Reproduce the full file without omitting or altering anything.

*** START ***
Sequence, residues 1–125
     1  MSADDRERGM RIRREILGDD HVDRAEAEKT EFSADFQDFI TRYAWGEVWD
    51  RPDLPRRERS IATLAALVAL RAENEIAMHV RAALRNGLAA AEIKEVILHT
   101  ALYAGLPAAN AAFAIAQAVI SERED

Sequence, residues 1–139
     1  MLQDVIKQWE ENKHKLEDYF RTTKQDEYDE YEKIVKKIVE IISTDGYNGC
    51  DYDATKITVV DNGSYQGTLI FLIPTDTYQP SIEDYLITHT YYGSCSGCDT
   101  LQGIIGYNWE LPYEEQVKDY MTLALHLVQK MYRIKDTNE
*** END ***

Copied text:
Sequence, residues 1–125
     1  MSADDRERGM RIRREILGDD HVDRAEAEKT EFSADFQDFI TRYAWGEVWD
    51  RPDLPRRERS IATLAALVAL RAENEIAMHV RAALRNGLAA AEIKEVILHT
   101  ALYAGLPAAN AAFAIAQAVI SERED

Sequence, residues 1–139
     1  MLQDVIKQWE ENKHKLEDYF RTTKQDEYDE YEKIVKKIVE IISTDGYNGC
    51  DYDATKITVV DNGSYQGTLI FLIPTDTYQP SIEDYLITHT YYGSCSGCDT
   101  LQGIIGYNWE LPYEEQVKDY MTLALHLVQK MYRIKDTNE